The Cy-Fair ISD board of trustees met Sept. 11 to take action on the 2017-18 property tax rate and hear the latest reports on Harvey and the State of Texas Assessments of Academic Readiness results. Next month’s meeting will take place at 6 p.m. Oct. 12 at 10300 Jones Road, Houston.
Property tax rate
The board of trustees unanimously approved the 2017 tax rate resolution by setting a rate of $1.44—$1.04 for maintenance and operations, and 40 cents for the interest and sinking rate. This rate has not changed since 2013 when the board voted to lower the tax rate from $1.45 to $1.44.
Between 95-99 percent of district employees were able to make it to work on the first day of school yesterday, and the highest number of absent employees at any school was nine, according to officials. However, more than 200 students have been identified as displaced from another district or school within Cy-Fair.
Because CFISD typically has more instructional minutes than is required by the state, the district will still exceed required instructional time by the end of the academic year even after missing nine school days, said Linda Macias, associate superintendent of curriculum, instruction and accountability.
Superintendent Mark Henry said after initially deciding the first day of school would be Sept. 6, he made the decision to postpone it to Sept. 11 after learning new information from local MUDs. At the time, up to eight facilities could have had wastewater issues. All schools were able to open Monday with no water problems, he said.
Board members commended district officials for their efforts at the Berry Center’s supply collection and distribution center in the days following Hurricane Harvey. More than 5,000 families were assisted there, Henry said.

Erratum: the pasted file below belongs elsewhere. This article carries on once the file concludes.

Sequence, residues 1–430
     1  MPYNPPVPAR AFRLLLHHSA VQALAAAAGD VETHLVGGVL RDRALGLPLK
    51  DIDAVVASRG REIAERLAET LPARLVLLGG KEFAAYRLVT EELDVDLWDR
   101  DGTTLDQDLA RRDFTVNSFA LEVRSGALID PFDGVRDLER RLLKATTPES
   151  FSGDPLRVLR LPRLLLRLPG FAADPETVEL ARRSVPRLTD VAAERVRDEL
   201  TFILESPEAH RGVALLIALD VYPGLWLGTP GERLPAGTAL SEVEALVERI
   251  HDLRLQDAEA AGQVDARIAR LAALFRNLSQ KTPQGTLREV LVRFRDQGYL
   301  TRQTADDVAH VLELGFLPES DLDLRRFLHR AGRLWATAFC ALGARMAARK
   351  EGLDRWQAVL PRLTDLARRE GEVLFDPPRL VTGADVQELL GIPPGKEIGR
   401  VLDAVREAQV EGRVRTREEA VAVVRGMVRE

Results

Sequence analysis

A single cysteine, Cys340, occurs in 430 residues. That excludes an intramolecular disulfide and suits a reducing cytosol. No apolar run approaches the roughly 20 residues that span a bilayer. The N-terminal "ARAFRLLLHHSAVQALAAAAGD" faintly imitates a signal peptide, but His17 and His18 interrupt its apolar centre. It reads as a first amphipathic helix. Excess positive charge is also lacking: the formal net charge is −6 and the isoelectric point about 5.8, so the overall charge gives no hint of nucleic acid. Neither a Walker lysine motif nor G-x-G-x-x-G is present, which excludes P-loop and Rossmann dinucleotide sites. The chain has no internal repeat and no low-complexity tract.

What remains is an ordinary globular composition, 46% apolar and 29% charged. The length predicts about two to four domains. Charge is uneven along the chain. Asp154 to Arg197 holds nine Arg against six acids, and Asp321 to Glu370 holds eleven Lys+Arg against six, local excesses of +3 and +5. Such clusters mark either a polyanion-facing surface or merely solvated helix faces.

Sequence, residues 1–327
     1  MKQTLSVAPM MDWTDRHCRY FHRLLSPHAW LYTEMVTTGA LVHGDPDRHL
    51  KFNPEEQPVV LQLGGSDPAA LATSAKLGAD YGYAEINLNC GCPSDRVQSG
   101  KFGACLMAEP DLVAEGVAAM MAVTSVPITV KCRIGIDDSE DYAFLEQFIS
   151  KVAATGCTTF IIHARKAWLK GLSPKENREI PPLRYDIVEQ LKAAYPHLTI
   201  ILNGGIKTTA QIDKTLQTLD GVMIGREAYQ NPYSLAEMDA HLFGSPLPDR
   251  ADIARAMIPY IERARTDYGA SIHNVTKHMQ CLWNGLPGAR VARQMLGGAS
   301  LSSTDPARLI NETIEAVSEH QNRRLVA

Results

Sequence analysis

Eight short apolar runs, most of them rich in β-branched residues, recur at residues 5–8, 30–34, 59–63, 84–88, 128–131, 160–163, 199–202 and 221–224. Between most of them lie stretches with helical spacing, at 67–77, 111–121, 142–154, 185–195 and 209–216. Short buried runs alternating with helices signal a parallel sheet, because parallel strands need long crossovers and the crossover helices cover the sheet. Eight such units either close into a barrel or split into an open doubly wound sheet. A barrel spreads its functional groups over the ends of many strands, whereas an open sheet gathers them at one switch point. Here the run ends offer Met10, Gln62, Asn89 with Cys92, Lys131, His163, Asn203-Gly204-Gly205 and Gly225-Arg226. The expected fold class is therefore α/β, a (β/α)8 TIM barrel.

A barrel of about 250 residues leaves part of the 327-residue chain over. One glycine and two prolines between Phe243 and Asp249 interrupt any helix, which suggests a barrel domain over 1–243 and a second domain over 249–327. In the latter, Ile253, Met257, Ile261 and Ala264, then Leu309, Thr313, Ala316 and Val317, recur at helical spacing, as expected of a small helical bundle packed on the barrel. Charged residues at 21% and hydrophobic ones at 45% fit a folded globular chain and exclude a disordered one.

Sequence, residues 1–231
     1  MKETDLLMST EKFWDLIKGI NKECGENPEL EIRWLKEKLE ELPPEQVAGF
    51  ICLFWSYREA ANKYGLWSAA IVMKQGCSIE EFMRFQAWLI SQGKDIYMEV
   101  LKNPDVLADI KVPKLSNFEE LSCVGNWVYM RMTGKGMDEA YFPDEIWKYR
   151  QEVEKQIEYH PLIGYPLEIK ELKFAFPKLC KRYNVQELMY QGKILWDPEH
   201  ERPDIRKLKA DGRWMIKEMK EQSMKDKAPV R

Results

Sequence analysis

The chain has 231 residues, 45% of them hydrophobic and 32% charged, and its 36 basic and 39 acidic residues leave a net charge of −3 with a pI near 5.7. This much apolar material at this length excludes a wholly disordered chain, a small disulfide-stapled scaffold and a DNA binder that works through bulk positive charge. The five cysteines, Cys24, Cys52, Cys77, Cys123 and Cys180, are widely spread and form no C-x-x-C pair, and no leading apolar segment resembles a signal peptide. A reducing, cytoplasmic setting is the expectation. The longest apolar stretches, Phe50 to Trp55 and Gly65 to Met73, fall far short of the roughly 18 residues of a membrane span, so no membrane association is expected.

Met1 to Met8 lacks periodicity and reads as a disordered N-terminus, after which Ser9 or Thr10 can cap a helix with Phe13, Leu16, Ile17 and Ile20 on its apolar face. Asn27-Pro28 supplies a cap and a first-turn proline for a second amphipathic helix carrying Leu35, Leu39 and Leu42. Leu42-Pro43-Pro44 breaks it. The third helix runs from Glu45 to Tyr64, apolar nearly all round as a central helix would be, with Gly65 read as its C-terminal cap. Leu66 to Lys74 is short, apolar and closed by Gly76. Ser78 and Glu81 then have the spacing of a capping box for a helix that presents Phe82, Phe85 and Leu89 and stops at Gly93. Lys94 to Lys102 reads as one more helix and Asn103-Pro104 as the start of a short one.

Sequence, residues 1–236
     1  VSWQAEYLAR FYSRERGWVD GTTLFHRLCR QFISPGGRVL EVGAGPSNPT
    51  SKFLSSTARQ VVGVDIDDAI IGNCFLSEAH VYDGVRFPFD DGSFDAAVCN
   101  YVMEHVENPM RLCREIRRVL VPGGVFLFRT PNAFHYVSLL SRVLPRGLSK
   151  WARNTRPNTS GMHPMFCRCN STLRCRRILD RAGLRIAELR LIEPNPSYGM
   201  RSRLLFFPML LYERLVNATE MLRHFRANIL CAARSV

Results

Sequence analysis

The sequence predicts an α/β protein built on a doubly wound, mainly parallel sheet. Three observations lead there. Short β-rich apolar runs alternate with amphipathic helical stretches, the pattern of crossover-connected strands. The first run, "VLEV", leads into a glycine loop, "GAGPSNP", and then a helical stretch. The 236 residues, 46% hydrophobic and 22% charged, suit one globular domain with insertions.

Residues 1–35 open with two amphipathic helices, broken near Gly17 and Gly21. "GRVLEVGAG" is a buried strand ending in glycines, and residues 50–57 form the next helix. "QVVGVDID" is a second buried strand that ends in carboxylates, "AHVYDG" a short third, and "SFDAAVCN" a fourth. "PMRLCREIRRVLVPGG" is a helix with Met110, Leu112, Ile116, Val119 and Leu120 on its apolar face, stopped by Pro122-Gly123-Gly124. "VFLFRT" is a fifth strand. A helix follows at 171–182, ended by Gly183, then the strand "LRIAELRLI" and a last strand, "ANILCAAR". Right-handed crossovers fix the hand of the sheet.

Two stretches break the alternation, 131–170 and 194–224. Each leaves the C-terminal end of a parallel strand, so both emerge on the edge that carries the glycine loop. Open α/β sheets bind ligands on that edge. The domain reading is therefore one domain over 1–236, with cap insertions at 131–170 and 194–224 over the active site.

“Everybody just stepped up, and it wasn’t surprising to me,” Trustee Don Ryan said.
2017 STAAR results
Macias said this year’s STAAR assessments had such significant changes that the Texas Education Agency did not provide comparison data from last year. Changes included a reduced number of questions for grades 3-8, English I and II EOC no longer containing short answer questions and revised accommodation policies, among other adjustments.
CFISD scores surpassed the state averages, according to TEA data. For the fifth consecutive year, CFISD was the largest district in Texas to have all eligible schools receive the “Met Standard” rating from the TEA, Henry said. The district also received 217 distinction designations at various campuses.
Macias said the district will continue to monitor student progress and focus on elementary writing tests.
“We’re not satisfied until every student is successful,” Henry said. “Even though all of our campuses met [the]TEA standard, they don’t necessarily meet the CFISD standard, and we monitor those schools…because it’s not just a percentage—it’s a child.”